December 3, 2010
WOOSTER, Ohio — Shirley Huston-Findley, associate professor of theatre and dance at The College of Wooster, will premier her new play, “Past Missing,” as a staged reading in Shoolroy Theatre (329 E. University St.) Friday (Dec. 3) at 8:30 p.m. and Saturday (Dec. 4), at 8:15 p.m.
The play is about Grace Belcor and her estranged relationship with her father, who suffers from dementia. Belcor receives a call from her father’s nursing home informing her that he has disappeared. She returns to her home in Quincy, Mass., where she discovers that her father may not have simply walked away. She spends the rest of the play trying to sort out what happened and why.
“I didn’t start out to write this particular play,” said Huston-Findley, who has conducted considerable research involving the impact of story telling on people with dementia. “It sort of took on a life of its own.”
Huston-Findley spent the fall semester of her leave conducting research in the Boston area, predominately Quincy. “I researched the language, the dialect, the cultural differences, and the geography so I could set it in a location and know about that location as well as the people and the history,” she said. “Quincy was selected from a number of areas because of its proximity to an old Naval Reserve base and a major international airport, both of which play key roles in the story.”
For Huston-Findley, this play is about family. She says that family happens, whether it is biological or not “Family is an odd creature,” she said. “It’s not something that you can choose. How we live with or reject family all depends upon our circumstances. It really becomes a story about ‘this is what I’ve been given, what am I going to do about it?’”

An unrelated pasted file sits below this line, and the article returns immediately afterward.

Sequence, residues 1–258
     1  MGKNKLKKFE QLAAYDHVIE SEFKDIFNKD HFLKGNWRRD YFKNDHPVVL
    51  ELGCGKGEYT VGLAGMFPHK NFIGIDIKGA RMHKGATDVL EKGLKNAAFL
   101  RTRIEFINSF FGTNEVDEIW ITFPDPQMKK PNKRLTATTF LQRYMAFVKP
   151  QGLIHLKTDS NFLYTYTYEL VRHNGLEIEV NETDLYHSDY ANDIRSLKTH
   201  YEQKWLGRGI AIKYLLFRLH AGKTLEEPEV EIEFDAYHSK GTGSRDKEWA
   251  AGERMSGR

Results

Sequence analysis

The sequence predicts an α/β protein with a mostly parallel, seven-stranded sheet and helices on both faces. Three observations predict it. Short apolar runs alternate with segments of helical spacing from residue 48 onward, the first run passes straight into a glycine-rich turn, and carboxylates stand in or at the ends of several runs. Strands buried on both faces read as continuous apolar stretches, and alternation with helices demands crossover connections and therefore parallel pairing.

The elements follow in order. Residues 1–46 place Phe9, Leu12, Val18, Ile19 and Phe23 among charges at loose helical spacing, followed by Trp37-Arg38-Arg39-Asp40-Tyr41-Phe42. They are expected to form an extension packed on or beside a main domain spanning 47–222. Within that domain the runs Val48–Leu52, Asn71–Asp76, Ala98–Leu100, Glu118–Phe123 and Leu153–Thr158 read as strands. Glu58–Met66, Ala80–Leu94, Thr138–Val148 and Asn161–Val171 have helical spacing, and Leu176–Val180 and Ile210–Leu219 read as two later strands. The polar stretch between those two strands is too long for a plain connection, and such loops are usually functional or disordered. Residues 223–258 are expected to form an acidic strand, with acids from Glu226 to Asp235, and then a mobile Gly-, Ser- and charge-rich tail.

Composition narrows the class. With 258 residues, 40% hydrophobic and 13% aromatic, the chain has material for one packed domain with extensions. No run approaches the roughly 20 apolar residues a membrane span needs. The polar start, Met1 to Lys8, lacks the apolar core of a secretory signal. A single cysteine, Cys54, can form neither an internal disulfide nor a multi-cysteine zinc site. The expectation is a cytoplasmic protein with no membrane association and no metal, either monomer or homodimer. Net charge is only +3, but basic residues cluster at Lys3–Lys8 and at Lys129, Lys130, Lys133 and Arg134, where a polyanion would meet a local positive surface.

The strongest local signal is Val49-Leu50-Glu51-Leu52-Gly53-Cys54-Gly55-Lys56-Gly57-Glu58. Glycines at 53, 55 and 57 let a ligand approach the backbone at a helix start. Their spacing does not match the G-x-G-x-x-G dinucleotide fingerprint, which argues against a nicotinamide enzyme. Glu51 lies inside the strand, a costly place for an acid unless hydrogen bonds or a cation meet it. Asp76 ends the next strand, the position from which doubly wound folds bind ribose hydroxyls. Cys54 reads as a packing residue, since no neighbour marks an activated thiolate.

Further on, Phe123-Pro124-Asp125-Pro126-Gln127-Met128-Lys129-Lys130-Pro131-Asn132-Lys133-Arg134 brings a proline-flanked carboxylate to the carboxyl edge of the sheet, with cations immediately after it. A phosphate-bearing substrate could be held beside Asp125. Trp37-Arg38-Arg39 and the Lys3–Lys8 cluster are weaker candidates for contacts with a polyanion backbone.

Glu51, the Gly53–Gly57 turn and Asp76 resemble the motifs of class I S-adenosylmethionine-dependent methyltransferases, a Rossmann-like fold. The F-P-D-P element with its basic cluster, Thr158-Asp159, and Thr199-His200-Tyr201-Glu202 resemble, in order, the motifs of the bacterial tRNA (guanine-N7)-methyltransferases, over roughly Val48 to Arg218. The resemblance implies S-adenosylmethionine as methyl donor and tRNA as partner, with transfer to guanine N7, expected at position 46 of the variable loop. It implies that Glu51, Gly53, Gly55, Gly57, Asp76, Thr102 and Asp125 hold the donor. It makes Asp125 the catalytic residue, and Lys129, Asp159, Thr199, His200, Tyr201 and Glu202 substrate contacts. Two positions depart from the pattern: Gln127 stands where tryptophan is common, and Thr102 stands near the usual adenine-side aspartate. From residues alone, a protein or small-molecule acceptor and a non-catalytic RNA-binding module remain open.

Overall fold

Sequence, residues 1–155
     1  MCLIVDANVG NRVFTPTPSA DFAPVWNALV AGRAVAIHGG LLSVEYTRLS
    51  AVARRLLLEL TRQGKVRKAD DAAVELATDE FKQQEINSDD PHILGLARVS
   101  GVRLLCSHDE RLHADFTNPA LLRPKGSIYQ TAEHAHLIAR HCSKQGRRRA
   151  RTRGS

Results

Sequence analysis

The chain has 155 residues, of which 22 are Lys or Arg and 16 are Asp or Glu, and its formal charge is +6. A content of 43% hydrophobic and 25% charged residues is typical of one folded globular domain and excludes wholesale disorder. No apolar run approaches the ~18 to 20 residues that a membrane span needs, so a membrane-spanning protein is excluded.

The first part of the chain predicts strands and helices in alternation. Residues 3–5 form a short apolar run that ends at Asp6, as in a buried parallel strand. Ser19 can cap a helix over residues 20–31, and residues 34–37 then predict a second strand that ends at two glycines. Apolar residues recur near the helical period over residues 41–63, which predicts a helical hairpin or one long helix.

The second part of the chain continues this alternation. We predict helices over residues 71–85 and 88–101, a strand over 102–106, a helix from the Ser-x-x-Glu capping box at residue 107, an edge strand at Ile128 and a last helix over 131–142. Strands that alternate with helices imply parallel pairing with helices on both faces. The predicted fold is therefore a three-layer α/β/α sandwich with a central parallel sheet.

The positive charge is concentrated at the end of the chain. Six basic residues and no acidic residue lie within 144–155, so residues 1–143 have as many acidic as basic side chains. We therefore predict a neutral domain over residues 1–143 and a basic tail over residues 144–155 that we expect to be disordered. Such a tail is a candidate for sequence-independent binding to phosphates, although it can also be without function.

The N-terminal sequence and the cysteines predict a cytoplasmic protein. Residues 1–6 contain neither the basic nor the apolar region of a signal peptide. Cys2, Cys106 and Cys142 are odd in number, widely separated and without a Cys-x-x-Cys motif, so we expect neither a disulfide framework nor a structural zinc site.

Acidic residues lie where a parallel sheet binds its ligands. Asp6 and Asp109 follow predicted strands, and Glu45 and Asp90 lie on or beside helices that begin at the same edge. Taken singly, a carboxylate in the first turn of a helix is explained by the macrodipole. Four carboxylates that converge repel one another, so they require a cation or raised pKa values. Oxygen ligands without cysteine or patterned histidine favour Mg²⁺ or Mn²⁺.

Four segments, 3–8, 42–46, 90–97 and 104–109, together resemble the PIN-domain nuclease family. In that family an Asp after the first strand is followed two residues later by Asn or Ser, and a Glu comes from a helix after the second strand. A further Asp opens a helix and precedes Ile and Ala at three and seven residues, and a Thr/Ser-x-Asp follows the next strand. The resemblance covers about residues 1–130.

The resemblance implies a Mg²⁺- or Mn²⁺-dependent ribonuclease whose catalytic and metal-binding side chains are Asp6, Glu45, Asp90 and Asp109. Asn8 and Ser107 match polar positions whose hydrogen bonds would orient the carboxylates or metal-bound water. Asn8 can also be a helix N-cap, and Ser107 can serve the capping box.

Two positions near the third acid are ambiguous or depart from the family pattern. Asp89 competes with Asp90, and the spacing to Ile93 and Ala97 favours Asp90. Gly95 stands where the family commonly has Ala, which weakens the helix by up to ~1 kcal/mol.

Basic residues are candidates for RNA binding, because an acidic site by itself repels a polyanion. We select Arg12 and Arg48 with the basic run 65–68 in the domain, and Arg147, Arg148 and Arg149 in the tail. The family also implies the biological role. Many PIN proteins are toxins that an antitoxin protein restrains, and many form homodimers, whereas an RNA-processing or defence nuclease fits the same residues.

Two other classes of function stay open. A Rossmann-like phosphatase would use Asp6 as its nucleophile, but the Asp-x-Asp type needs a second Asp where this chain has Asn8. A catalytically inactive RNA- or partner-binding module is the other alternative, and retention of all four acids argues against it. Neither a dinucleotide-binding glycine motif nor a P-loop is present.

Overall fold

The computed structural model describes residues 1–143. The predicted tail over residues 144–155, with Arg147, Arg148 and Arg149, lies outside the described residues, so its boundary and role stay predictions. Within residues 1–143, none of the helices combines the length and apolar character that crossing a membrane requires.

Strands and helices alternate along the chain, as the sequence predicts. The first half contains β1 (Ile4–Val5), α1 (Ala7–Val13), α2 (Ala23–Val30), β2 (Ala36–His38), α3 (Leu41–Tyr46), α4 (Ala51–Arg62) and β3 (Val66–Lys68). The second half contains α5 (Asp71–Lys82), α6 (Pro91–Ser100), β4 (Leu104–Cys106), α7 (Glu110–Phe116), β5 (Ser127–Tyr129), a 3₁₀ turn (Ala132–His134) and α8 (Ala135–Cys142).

To keep things simple, Huston-Findley did the casting, while asking Mark Seamon, professor of acting and directing at Denison University, to do the directing.
“This is a very traditional step in the process of play writing,” said Huston-Findley, “It’s all about the text, the story — without all the bells and whistles. It helps us to find the gaping holes in plot (the big things) and those awkward lines that need to be tweaked (the details). It’s also an opportunity to watch and listen to a director and actors work their way through the narrative that has been living inside your head for a very long time, which is always a fearful yet rewarding part of the process.”
After the show, there will be a time for audience feedback, which Huston-Findley says is an essential point of doing it “The only way I can get the piece ready for the next stage (full production) is to take in all that is given to me as a result of the reading,” she said. “Without this important step, a playwright doesn’t have the opportunity to work the script, which, like any type of writing, is key.”
Admission is free and open to the public, but tickets must be picked up in advance. For more information, call 330-263-2241.
Written by Libby Fackler
1189 Beall Avenue, Wooster, Ohio 44691. (330) 263-2000
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